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A bunch of start-ups is turbo-charging India’s space economy, doing everything from building launch systems to providing satellite services

By: Manish Pant
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When Srinath Ravichandran, 36, and Moin S.P.M., 31, aren’t hitting the ball across the boundary in a game of backyard cricket, they are working on sending their Agnibaan series of low-cost rockets into space. Ravichandran, who has a master’s degree in aerospace engineering from the University of Illinois, Urbana-Champaign, first thought of the idea while networking with people from the commercial space domain in Los Angeles who had designed satellites but didn’t know how to put them into the earth’s orbit. “When I naively asked around as to why that was a problem, I was told that it was due to either the absence of the right kind of rockets or partners,” he tells Business Today. Finally, Ravichandran, who had previously worked as an electrical engineer and a finance person, and was tracking the development of Elon Musk’s SpaceX programme, quit his job and returned to India. Here, he co-founded Agnikul Cosmos with Moin—they had bonded over friendly cricket matches at the same ground in Chennai—in 2017 to be a part of what some commentators have termed the new space rage.

(L to R) Moin S.P.M., Srinath Ravichandran, founders, Agnikul Cosmos

Year of Founding: 2017

Product: Development of small-lift mobile launch systems such as Agnibaan to place 100-kg payloads into a 700-km orbit.

Funding: The company has raised $15 million in funding to date.


The duo is part of an ever-increasing tribe of new-age entrepreneurs who have consciously chosen to foray into the commercial space sector, a territory where not many in the country had dared to venture earlier. The final frontier is the new rage among several start-ups that are working on everything and anything to do with space, that is, from building launch systems and satellites to working on other related applications.

The commercial space industry holds the promise of emerging as the new sunrise sector, with the central government projecting it as contributing 1 per cent to the country’s $5-trillion economy target by 2024. Already, with 368 private firms, India’s space economy is the fifth-largest in the world after the US, the UK, Canada and Germany, says a report by SpaceTech Analytics. More than 75 start-ups are registered under the space technology category on the Startup India portal, according to government data. Moreover, several more start-ups registered under other categories on the same portal are also involved in the space domain.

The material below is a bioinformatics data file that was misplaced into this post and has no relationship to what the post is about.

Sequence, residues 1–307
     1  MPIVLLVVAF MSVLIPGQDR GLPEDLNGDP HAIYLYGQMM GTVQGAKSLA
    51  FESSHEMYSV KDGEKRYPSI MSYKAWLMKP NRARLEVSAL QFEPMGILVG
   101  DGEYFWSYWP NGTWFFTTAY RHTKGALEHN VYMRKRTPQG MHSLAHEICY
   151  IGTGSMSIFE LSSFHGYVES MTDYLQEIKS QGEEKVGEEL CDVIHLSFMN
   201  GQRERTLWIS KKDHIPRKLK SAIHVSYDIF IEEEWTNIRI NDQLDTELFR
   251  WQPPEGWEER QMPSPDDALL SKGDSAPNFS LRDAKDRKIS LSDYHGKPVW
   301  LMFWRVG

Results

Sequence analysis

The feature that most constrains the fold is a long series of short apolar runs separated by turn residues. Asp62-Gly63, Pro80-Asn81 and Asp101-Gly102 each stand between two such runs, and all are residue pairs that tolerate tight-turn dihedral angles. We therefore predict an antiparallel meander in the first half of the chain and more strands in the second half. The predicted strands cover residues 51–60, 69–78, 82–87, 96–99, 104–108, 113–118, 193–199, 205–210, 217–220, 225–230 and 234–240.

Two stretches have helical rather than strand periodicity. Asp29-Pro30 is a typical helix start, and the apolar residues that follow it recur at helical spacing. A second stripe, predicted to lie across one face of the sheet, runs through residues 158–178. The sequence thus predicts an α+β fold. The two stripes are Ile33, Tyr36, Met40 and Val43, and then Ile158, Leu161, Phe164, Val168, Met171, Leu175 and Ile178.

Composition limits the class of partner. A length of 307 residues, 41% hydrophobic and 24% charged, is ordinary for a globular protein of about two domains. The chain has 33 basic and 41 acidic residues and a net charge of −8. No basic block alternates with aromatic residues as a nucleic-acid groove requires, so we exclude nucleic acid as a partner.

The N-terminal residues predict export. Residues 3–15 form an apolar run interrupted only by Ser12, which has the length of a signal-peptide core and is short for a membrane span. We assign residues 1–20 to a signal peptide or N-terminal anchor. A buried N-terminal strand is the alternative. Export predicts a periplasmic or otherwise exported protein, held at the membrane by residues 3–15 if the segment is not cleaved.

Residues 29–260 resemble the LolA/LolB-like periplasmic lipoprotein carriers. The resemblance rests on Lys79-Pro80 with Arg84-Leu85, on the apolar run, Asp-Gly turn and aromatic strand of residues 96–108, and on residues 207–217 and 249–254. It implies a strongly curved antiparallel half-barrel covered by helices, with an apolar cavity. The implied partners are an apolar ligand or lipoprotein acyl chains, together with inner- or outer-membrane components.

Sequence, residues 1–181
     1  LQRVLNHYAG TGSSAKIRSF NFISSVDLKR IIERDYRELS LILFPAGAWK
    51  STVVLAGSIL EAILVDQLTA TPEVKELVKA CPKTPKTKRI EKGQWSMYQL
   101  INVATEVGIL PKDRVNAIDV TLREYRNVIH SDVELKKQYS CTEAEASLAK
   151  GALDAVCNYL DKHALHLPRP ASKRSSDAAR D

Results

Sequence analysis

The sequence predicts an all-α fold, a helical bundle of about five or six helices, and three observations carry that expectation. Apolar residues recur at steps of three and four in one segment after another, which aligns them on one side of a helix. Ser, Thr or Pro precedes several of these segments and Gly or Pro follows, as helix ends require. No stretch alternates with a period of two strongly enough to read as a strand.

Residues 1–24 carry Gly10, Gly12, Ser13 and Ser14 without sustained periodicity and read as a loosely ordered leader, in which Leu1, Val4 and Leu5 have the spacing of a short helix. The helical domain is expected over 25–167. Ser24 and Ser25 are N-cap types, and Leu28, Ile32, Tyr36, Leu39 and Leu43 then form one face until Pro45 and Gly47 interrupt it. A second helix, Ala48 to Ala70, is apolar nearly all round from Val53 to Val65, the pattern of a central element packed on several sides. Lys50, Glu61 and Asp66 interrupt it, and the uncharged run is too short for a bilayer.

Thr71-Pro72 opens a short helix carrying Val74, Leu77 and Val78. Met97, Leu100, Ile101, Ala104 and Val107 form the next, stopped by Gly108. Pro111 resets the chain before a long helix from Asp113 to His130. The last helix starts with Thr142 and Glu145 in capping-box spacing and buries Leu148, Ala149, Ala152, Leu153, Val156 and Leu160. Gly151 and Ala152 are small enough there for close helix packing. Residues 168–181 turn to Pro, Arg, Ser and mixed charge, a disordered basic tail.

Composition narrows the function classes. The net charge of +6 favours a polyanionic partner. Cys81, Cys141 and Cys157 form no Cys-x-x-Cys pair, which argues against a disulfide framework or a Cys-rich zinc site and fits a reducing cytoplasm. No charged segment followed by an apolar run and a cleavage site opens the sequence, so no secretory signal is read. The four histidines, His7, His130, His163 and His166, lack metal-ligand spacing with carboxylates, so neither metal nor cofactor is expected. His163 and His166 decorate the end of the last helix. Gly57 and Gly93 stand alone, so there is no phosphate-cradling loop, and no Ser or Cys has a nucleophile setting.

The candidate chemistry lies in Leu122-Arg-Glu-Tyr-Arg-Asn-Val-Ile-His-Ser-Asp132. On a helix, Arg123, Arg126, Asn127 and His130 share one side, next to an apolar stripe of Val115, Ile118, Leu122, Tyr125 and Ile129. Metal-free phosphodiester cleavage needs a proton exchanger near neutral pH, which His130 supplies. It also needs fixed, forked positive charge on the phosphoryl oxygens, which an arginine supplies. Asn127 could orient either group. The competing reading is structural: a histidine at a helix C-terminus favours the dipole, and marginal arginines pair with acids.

Digantara Research & Technologies, founded by Anirudh N. Sharma, Rahul Rawat and Tanveer Ahmed, is looking at launching a constellation of satellites equipped with state-of-the-art payloads to scan and map the low-Earth environment. They also have plans to build the world’s largest catalogue of man-made objects in space, including those as small as 1 cm, for better operational and situational awareness in space. Sharma, 23, and Rawat, 22, became entrepreneurs in 2018 after they successfully developed a satellite structure for a foreign space agency and were paid about $1,000 for it. They were studying computer science engineering at Lovely Professional University (LPU), Phagwara, at the time. As active members of the university’s student satellite programme team, they had already contributed to building a nano satellite with the Indian Space Research Organisation (ISRO) and participated in a couple of international conferences.

Sharma used to write cold emails to space agencies around the world seeking assistance. And that is how he got connected with the agency in question, which started working with them at the university level. “It was a great learning curve for us from 2018 to 2020, where we learnt a lot about business and fundraising. When you are building a company that intends to solve the problem of space junk, who do you think will agree to invest money in something like that? It’s a difficult proposition that we were offering,” says Sharma with a smile. “We withdrew the money meant to pay our college fee to fund our first contract as component manufacturers,” adds Rawat, laughing.

(L to R) Rahul Rawat, Tanveer Ahmed, Anirudh N. Sharma, Digantara Research & Technologies

Year of Founding: 2018

Product: Surveillance platform utilising a constellation of nanosatellites to provide predictive and situational awareness services.

Funding: $2.5 million from Kalaari Capital.

We withdrew the money meant to pay our college fee to fund our first contract as component manufacturers.

Rahul Rawat
Digantara Research & Technologies


Potential for private participation

The potential for private entrepreneurs has been demonstrated in developed western economies due to the presence of an ecosystem where they have been a major contributor to the space sector. SpaceX and Blue Origin are lead examples in this regard. In comparison, India has started encouraging private participation only in the past two years. “What we are trying to do is to create an ecosystem or environment that will allow start-ups or even existing big business houses to come to the space sector and invest and create the business opportunity, which was previously absent,” says S. Somanath, Chairperson of ISRO, who is also Secretary, Department of Space. “There is business potential in various fields like launch vehicles, spacecraft and other applications to create a framework on which this concept can grow.”